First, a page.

Previous studies suggest that the storage/retrieval of object features is related to brain regions that are involved in the processing of these features. However, it remains unclear whether, and under what conditions, retrieving information about a feature reactivates the same region that specifically supports that feature's perception. In this functional magnetic resonance imaging (fMRI) study, we compared brain activation in the left ventral occipito-temporal cortex during subjects performing a color perception task, and direct and indirect color retrieval tasks. After performing the color perception task to localize the regions responsible for color perception, subjects were intensively trained (outside of the scanner) to remember associations between colors and motion directions, and associations between colors and letters. Then, they were asked to perform two color retrieval tasks in the scanner, with stationary and gray scaled images as control stimuli. The results showed that the bilateral posterior occipito-temporal cortex was activated during the color perception task. When color information was retrieved by direct cues (motion direction), the same bilateral occipito-temporal region was activated. When color information was retrieved indirectly (judging whether a motion direction matched a letter by their associated colors), a region anterior to the color perception region in the left ventral occipito-temporal cortex was additionally activated. Our results provided evidence for the functional dissociation in the two subregions of the ventral occipito-temporal cortex during retrieval of color features: the posterior area might relate to perceptual features of color, while the anterior region might relate to the knowledge of associations with color.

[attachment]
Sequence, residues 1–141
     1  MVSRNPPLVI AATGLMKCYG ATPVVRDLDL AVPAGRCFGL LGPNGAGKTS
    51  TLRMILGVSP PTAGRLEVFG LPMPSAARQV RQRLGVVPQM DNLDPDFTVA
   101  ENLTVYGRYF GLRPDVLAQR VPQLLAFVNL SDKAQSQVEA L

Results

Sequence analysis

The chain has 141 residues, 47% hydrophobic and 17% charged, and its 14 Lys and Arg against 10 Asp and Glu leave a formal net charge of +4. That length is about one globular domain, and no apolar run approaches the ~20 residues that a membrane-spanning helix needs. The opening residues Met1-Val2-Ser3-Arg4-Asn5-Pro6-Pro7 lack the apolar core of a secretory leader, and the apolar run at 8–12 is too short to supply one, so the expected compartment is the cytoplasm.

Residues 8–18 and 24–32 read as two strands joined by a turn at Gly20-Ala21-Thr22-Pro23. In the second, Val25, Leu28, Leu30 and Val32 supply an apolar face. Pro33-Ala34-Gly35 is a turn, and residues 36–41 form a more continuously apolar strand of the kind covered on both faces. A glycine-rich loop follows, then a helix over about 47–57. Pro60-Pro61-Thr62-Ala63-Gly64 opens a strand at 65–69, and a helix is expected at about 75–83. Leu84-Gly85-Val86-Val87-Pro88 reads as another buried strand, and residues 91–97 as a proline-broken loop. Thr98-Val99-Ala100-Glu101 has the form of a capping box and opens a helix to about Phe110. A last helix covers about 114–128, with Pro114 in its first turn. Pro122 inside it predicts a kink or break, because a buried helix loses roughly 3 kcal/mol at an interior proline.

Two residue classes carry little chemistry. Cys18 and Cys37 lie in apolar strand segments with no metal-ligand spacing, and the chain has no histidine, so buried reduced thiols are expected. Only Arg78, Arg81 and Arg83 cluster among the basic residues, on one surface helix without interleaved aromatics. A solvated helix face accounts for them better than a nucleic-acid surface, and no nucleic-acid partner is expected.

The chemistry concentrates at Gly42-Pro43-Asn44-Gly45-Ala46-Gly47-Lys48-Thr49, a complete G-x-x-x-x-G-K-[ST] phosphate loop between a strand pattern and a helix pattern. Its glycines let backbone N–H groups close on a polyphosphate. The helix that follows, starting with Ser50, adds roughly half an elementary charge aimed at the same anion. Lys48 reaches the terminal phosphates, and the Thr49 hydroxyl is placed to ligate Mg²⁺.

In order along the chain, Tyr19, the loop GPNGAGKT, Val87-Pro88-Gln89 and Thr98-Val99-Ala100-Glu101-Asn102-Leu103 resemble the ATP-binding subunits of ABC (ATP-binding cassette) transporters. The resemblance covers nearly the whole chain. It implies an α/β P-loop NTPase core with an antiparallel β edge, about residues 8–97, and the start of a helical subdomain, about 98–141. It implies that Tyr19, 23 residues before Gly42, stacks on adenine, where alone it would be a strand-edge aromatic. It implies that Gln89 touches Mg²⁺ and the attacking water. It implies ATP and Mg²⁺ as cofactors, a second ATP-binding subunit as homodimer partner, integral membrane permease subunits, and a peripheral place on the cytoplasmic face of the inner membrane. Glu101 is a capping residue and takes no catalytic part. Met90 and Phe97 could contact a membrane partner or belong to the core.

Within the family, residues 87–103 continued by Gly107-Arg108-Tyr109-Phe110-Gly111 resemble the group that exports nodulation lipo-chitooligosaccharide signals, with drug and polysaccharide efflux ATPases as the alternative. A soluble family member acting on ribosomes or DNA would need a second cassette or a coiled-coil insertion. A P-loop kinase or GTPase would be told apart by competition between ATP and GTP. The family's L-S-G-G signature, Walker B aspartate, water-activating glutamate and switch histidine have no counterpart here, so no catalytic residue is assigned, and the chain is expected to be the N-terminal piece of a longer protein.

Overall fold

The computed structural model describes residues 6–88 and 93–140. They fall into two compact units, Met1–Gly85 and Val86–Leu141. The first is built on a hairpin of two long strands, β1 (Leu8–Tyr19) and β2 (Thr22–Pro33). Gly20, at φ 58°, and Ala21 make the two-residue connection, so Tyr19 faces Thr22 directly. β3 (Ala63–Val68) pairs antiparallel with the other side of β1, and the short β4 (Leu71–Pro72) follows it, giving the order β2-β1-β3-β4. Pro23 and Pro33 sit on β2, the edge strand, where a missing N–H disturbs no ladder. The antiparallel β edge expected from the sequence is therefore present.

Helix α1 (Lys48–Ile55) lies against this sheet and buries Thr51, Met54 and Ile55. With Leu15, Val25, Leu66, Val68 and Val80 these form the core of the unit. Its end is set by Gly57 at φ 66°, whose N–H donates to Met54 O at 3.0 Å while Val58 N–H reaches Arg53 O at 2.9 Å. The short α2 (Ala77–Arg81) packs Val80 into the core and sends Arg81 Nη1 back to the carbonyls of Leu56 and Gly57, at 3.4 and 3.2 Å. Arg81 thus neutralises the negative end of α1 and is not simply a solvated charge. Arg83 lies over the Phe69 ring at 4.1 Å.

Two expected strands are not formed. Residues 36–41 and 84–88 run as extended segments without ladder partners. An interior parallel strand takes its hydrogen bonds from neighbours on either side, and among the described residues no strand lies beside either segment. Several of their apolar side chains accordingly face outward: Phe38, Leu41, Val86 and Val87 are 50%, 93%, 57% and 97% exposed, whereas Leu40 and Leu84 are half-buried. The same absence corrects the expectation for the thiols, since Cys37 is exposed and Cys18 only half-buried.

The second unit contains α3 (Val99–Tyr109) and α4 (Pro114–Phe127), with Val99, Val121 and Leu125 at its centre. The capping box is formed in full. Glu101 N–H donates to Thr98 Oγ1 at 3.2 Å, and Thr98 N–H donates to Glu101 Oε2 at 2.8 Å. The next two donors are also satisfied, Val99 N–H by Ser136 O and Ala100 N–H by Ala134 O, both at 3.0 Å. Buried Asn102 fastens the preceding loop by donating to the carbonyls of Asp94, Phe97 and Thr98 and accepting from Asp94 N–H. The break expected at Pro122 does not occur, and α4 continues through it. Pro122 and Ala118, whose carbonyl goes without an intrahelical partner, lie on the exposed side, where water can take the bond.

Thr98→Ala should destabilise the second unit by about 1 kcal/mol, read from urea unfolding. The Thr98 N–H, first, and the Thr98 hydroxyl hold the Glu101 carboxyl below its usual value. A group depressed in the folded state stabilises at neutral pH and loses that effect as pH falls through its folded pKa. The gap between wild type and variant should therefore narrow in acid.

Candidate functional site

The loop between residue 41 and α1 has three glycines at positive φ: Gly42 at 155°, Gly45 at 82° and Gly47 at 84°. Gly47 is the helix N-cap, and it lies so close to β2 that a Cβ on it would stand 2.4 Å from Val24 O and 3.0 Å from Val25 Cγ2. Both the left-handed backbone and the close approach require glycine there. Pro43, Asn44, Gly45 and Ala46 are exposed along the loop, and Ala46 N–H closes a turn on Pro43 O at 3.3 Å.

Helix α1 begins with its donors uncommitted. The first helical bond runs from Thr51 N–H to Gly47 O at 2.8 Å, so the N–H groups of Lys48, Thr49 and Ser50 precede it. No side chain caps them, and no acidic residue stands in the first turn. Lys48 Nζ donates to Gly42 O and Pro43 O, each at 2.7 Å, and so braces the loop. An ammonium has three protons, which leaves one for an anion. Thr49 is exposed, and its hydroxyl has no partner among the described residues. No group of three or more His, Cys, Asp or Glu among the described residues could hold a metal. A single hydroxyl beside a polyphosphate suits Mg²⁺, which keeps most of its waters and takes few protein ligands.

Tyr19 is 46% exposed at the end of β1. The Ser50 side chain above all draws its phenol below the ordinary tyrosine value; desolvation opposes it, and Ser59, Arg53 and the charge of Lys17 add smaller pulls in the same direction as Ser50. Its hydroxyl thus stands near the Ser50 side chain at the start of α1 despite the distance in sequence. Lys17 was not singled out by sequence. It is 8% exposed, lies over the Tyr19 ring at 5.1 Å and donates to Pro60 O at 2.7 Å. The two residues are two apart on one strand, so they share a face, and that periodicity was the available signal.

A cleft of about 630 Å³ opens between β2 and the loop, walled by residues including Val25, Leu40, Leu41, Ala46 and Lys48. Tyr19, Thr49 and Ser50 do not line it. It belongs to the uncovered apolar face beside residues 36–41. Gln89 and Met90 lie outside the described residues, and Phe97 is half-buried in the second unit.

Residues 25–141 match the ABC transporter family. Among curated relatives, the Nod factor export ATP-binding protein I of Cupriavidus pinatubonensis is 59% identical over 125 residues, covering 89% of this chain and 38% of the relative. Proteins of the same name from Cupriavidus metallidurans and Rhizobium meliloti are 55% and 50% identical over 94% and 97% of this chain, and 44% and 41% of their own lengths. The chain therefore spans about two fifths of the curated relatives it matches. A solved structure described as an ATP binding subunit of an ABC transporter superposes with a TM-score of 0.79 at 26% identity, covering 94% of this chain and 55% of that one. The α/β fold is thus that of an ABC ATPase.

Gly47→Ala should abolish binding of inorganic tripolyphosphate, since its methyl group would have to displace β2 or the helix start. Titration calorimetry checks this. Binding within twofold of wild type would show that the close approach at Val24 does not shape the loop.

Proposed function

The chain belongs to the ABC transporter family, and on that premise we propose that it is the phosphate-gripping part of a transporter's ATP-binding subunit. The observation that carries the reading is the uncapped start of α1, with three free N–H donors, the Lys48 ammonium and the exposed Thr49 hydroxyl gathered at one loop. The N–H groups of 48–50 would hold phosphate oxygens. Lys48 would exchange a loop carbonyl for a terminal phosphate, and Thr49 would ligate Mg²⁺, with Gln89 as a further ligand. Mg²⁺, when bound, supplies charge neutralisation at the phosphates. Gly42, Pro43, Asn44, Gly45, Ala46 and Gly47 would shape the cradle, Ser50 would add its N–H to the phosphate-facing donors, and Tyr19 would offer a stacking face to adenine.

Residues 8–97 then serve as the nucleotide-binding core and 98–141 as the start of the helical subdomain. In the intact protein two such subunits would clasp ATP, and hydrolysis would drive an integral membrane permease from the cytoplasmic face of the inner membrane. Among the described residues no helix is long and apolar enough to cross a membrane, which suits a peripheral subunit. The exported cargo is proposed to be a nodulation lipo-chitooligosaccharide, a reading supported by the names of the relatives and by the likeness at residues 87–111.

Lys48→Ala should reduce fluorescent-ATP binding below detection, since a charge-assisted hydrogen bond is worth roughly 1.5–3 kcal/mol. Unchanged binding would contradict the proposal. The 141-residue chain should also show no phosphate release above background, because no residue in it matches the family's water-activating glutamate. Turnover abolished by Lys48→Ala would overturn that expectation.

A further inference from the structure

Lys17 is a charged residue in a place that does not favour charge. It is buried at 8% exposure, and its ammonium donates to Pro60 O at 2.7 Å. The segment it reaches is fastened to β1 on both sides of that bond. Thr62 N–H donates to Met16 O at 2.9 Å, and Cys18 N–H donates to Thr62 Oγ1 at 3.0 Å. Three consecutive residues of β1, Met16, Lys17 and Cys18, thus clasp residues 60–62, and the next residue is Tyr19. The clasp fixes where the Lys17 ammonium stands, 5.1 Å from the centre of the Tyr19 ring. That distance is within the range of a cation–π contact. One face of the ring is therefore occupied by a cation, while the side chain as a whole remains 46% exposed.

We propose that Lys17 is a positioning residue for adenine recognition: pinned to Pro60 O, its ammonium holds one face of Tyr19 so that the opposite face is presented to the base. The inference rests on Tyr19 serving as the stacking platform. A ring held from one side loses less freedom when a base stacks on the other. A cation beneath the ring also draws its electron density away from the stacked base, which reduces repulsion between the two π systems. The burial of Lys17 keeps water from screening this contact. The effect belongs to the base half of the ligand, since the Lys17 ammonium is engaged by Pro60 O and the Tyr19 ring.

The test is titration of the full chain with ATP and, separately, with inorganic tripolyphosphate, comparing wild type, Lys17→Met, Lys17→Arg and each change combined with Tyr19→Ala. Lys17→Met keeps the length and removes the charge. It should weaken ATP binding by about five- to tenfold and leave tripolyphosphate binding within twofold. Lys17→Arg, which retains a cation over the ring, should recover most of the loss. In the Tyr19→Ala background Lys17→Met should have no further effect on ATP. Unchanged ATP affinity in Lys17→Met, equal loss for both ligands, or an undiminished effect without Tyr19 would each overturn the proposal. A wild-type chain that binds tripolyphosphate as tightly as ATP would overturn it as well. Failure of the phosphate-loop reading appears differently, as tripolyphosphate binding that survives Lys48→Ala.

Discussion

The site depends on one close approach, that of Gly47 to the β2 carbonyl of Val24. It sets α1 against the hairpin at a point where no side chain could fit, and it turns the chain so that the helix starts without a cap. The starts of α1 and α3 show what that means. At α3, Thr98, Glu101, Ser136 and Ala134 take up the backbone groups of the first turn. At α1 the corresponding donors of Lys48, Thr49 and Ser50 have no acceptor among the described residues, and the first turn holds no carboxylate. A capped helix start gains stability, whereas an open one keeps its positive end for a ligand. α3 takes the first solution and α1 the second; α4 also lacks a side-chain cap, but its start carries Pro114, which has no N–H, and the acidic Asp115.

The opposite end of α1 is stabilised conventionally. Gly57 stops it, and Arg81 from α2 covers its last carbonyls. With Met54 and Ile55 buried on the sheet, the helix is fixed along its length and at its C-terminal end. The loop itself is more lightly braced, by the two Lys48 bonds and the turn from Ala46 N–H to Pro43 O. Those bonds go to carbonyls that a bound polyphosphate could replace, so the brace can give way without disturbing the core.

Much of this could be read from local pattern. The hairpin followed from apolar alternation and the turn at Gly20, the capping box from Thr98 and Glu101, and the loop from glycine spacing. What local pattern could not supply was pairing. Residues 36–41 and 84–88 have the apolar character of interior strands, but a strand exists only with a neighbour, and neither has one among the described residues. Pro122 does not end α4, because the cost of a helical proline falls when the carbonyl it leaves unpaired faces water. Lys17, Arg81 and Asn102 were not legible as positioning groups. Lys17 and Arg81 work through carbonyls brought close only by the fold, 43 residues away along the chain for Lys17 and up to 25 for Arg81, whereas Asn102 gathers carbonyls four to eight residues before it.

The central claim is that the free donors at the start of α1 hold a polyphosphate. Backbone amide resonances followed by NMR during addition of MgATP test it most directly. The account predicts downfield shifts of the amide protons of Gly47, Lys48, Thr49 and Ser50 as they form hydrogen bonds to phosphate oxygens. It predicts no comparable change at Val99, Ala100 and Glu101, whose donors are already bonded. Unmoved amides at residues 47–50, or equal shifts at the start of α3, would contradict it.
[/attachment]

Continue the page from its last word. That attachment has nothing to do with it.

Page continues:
Bibliographical noteFunding Information:
This work was supported by the National Natural Science Foundation of China (Grant No. 30670674 ) and the Beijing Key Laboratory for Learning and Cognition .
- Color perception
- Occipito-temporal cortex